BONUS: What Are The Experts Saying?

I’d love to be basketball omnipotent but alas, I am merely a human. So, I reached out to David M. Grubb for his expert opinion. Grubb writes for SB Nation and hosts both a podcast and radio show which discuss all things Pelicans. He gave is thoughts on Hayes’ rookie season.

On What He Did Well

“The most impressive part of Jaxson Hayes’ season to this point had to be the 20-game stretch he had from early December right into the start of 2020.  Zion Williamson was still on the shelf and Jax got thrown into the fire. We knew he was athletic, but he showed a lot more during that spurt. He was able to play 20 minutes a night, and he was extremely effective around the rim and in transition. 9 pts, 1.5 blks, and 5 rebs a night was incredibly impressive for a kid who had basically two years of organized ball before he got to the NBA. He showed a soft touch on his jumper, and he can run the floor as well as any big in the league. He has good hands and he’s fearless.”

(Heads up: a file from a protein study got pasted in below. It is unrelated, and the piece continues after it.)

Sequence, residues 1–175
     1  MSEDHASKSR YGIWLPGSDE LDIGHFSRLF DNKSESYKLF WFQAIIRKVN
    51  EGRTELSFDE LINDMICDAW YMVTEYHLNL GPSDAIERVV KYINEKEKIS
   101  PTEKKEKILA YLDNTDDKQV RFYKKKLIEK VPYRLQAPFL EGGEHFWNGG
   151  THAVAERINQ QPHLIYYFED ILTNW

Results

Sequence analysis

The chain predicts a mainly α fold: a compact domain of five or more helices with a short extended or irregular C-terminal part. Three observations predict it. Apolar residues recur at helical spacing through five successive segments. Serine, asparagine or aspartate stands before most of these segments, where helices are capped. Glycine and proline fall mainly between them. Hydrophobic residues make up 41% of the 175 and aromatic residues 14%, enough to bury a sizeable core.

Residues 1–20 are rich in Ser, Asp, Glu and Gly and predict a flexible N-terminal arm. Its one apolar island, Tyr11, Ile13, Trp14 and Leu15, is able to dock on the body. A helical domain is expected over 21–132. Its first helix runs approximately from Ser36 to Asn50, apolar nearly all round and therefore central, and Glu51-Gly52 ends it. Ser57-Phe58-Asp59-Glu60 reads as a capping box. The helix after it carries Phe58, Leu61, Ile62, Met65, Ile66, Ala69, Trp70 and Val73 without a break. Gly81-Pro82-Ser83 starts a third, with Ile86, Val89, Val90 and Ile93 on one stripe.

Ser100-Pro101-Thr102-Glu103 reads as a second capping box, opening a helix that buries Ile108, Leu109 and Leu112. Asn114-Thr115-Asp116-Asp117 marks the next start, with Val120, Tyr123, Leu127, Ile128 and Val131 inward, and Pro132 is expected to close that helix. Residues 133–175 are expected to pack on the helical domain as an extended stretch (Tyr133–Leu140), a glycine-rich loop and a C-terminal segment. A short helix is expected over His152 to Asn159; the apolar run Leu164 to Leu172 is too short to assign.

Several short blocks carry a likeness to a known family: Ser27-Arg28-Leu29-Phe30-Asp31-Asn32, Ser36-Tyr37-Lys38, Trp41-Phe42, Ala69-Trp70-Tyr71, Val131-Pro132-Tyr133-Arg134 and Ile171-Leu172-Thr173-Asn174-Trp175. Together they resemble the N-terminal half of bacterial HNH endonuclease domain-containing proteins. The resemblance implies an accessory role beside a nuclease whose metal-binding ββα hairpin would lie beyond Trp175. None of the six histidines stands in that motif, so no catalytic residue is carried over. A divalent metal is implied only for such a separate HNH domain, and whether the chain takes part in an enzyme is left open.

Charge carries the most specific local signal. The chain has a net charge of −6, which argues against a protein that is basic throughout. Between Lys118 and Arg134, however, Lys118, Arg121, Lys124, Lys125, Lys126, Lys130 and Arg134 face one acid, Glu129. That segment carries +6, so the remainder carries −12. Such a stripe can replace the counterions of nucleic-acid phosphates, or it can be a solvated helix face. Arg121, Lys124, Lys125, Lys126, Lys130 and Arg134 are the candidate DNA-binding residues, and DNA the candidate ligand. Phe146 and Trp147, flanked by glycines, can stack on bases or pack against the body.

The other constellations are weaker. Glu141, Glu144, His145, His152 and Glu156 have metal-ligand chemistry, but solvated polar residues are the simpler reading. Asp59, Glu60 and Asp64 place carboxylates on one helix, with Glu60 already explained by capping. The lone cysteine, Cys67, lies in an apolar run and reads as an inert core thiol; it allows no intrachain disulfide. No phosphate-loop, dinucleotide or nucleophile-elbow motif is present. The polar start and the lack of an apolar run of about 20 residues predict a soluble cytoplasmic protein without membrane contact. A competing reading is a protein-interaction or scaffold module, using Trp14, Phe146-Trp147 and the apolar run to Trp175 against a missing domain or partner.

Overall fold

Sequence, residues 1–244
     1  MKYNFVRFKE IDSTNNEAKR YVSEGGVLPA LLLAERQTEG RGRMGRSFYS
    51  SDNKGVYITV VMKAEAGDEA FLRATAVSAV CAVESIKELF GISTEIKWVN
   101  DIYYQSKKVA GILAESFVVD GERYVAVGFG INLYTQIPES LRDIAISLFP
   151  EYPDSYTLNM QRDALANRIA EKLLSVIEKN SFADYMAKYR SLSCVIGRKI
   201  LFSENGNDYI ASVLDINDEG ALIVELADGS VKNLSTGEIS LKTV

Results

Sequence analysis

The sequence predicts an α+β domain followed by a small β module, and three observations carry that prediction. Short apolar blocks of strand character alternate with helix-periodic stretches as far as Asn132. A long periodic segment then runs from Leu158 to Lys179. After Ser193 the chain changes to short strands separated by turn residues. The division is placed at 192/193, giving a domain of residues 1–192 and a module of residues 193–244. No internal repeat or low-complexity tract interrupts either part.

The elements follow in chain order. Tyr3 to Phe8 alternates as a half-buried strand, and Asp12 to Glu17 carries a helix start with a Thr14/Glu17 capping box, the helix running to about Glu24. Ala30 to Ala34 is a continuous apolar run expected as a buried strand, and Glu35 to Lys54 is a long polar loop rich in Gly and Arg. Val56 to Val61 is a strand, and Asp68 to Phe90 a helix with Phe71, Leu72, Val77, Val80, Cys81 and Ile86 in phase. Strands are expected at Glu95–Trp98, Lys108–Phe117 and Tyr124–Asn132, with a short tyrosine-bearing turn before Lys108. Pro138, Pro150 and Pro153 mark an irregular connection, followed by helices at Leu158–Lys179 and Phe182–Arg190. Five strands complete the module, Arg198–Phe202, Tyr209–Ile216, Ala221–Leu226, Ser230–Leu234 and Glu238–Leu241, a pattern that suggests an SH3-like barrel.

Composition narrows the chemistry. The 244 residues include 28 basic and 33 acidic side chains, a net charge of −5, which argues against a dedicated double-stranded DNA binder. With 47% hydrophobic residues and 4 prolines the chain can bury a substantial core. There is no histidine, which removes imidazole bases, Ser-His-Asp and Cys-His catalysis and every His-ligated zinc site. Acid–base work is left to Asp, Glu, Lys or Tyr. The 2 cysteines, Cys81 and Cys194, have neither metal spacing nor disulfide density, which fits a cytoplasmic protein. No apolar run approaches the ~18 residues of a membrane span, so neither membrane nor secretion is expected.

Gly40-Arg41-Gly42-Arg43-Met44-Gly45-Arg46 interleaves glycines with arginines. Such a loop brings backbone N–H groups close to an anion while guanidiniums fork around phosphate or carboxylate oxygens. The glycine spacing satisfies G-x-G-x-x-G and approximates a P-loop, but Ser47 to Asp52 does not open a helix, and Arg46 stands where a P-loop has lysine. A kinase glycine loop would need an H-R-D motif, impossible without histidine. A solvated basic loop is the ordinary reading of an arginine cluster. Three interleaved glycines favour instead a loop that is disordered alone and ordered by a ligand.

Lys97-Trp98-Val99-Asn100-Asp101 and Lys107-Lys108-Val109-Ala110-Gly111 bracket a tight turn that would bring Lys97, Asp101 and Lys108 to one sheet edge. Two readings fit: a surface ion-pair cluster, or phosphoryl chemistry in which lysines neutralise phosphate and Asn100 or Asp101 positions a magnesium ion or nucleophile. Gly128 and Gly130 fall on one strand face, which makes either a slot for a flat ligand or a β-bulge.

On What He Needs To Improve

“The lack of experience came back to bite him. He wasn’t a great rebounder or defender, but it got worse from January to March. Hayes was a magnet for fouls all season, and far too often he had no idea where to be defensively. He also relies on his athleticism too much. His fundamentals are way behind and like most 19-year-olds, he needs to mature. 
Bigs can take a while to develop. Especially now, because the rudimentary parts of post play just aren’t getting taught. I’m encouraged by what I’ve seen out of Jax so far, but he could be Jarrett Allen and steadily improve into a valuable rebounder and rim protector, or he could be JaVale McGee and frustrate you with his talent for more time than the Pelicans have. “

Published by Matt Esposito

Founder/Writer for Theplaygrounder.com and contributor to Red’s Army Twitter: @Mattesposito_